Abducted by Aliens? Paul Cornell Talks Saucer Country

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Of all the new Vertigo series debuting this month – one each week, to be exact – Saucer Country by Paul Cornell and Ryan Kelly is the one most deserving of the moniker ‘All-New, All-Different’. It’s also the title that has intrigued this comics journalist as one of the comics to watch for 2012 since it was announced at NYCC 2011.

Billed by Cornell as “The West Wing does The X-Files”, Saucer Country revolves around up-and-coming politician Arcadia Alvarado, who may or may not have been abducted by aliens after she’s announced that she’s running for President of the USA. A political thriller with a sci-fi twist? There’s not a comic out there that comes close to that description, so if your reading list is in serious need of some diversity, this book should be on it come March 14.

BROKEN FRONTIER: With your approach to comics storytelling and creative instincts, it makes one wonder how come you didn’t do a Vertigo ongoing any sooner. Was it about waiting for the right idea at the right time?

PAUL CORNELL: I've been knocking on Vertigo's door for quite a while, and they finally gave in!  

BF: This then wasn’t the first book you pitched to them? What made them bite this time around?

CORNELL:  I pitched a whole bunch of ideas at once, and I guess this one just felt right.

BF: Saucer Country is part of a wave of new launches for Vertigo, leading to a chatter of Vertigo getting a revamp or even a New 52 treatment of its own.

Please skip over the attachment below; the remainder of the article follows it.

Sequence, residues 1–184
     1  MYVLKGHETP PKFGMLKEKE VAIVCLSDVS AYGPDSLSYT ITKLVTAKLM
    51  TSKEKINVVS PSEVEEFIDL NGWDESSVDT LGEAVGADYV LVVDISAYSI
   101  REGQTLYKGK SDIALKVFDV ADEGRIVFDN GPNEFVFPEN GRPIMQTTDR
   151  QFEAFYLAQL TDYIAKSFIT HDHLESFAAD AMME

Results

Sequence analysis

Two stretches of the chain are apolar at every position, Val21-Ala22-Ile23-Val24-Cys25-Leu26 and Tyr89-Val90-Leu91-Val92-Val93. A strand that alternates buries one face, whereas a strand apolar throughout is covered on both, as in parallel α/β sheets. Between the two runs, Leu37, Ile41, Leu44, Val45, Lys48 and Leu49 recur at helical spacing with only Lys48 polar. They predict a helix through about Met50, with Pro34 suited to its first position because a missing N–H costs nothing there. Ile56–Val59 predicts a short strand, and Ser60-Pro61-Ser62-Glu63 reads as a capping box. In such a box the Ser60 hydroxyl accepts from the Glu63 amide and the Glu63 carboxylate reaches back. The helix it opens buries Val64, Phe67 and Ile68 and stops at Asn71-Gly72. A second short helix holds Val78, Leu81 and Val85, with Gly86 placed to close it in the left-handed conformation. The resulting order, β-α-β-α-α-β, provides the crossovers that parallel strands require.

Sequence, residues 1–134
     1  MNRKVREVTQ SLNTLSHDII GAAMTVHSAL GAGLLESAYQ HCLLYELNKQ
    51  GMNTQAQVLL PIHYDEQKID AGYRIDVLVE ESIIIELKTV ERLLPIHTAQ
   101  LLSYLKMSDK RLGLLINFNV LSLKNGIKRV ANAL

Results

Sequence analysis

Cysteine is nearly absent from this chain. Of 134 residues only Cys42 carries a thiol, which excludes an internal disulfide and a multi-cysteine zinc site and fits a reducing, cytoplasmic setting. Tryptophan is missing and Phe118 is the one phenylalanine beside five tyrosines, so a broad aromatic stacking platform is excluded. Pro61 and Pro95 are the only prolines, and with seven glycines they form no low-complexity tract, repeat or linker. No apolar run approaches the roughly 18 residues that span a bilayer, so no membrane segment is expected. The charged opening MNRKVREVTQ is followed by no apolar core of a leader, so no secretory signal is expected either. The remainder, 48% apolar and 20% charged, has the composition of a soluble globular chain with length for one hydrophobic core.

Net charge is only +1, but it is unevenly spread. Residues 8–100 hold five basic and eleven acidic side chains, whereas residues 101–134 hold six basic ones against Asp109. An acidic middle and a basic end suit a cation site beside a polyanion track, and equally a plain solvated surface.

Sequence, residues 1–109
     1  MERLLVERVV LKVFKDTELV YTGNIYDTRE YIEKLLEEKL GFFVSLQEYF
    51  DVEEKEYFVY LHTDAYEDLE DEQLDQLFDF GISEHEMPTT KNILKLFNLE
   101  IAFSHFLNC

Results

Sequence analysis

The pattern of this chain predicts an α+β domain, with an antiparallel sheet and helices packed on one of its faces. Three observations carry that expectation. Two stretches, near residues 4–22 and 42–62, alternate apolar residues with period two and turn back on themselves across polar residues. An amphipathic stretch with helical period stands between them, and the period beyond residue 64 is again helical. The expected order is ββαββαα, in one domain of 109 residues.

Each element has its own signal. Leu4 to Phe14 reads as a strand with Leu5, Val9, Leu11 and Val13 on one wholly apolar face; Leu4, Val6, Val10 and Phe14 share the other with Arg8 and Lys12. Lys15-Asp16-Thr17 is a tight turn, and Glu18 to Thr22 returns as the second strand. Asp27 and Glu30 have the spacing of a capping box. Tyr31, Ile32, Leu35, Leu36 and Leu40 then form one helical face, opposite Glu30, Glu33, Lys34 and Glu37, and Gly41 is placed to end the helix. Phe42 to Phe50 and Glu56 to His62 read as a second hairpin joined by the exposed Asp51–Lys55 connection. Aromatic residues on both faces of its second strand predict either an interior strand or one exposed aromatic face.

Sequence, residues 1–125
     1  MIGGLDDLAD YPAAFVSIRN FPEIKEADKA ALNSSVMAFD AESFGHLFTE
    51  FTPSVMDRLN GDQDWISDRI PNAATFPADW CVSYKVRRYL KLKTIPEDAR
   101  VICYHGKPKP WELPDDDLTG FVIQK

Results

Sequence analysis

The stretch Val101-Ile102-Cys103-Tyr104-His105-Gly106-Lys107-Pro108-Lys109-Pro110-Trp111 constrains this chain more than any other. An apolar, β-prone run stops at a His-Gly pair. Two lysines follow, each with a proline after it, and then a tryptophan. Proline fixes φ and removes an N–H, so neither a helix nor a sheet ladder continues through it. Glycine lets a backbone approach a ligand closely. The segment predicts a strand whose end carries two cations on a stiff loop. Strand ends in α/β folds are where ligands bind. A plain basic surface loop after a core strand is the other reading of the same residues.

CORNELL:  I have no idea if anything like that is happening with the line, but it's certainly a new time for them, a new lease of life. I think Fables is the best comic in the world, so more of that, with Fairest, is always a good deal, and I'm a great fan of other work by the New Deadwardians guys.

BF: I’m sure it’s not a coincidence that the book starts in New Mexico, because of the Roswell connection. But doesn’t the ‘Country’ in the title suggest this will be a book that takes a good look at America’s fascination, if you will, with alien mythology?

CORNELL: Absolutely.  And New Mexico is very much the aerospace state, with all sorts of space happenings both mysterious and concrete.  It's a very interesting place to start the book (and we will visit Roswell, but not right away), but by no means where we'll stay.  

BF: And now for somewhat of an unavoidable question: when you researched UFO mythology, did you become more or less of a believer?